FIG. 6B shows an alert message sequence from the base station 4 to the fob 6, in which the fob 6 is out of range of the base station 4. First, at 293, the base station PIC processor 22 sends a PICDATA_request(alert) message 292 to the base station RF processor 26. In response, that processor 26 sends a Data(alert) RF message 294 to the fob RF processor 58. In this example, any RF message sent by the base station 4 while the fob 6 is out of range (or in low power mode) will be lost. After a suitable time out period, the base station RF processor 26 detects the non-response by the fob 6 and responsively sends a PICDATA_confirm(OUT_OF_RANGE) message 296 back to the base station PIC processor 22.

In the example of FIG. 6C, which begins with the Data(alert) RF message 294 (FIG. 6B) to the fob RF processor 58, the fob 6 is in range of the base station 4. The fob RF processor 58 receives the RF message 294 and responsively sends an Acknowledgement(SUCCESS) RF message 298 back to the base RF processor 26. Upon receipt of the RF message 298, the base RF processor 26 sends a PICDATA_confirm(SENT) message 299 to the base PIC processor 22. Then, after the fob RF processor 58 sends the RF message 299, it sends a PICDATA_indication(alert) message 300 to the fob PIC processor 54. Next, the message sequence 260 of FIG. 6A is executed to provide sensor information to the fob 6.

FIGS. 7A and 7B are message flow diagrams 310,312 showing various messages between one of the sensors 8,10 and the base station 4 of FIG. 1 for monitoring that sensor. FIG. 7A shows that the sensor sends state information to the base station 4 at regular (e.g., periodic) intervals. FIG. 7B shows that the sensor also sends state information to the base station 4 in response to sensor state changes. The sensor timer 98 of FIG. 5 preferably establishes the regular interval, sensor_heartbeat_interval 314 of FIGS. 7A-7B (e.g., without limitation, once per minute; once per hour; once per day; any suitable time period), for that particular sensor, such as 8,10. It will be appreciated that the regular intervals for the various sensors 8,10 may be the same or may be different depending upon the desired update interval for each particular sensor.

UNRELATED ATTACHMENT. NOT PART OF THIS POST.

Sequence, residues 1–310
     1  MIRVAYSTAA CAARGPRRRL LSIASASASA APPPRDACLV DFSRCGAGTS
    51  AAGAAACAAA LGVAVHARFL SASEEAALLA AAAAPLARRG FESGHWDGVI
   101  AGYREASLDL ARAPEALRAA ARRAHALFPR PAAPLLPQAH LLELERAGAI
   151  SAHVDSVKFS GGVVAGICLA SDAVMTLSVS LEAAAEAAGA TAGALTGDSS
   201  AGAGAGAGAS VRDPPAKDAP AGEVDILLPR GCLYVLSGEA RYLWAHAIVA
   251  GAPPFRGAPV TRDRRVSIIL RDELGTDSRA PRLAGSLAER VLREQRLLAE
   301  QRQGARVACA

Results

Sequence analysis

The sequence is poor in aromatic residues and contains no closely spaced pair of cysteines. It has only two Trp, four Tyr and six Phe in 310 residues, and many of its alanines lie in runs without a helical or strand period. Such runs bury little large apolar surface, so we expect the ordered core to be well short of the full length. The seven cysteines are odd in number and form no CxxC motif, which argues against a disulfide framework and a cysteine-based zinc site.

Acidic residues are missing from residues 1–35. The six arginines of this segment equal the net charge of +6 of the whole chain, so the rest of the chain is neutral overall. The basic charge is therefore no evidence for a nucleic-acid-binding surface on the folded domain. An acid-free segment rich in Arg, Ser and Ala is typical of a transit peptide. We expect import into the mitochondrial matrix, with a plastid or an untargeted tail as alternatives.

In FIG. 7A, after the expiration of the sensor_heartbeat_interval 314, the sensor, such as 10, wakes up (wake_up( )) at 316. Next, the sensor 10 sends a Data(state_information) RF message 318 to the base station RF processor 26, and that RF processor 26 responsively sends an Acknowledgement(SUCCESS) RF message 320 back to the sensor 10. Responsive to receiving that message 320, the sensor 10 enters a low_power_mode( ) 324 (e.g., in order to conserve power of the sensor battery 90 of FIG. 5). Also, responsive to sending that message 320, the base station RF processor 26 sends a PICDATA_indication(state) message 322 to the base station PIC processor 22. Both of the Data(state_information) RF message 318 and the PICDATA_indication(state) message 322 convey the state of the sensor 10 (e.g., sensor on/off; sensor battery OK/low).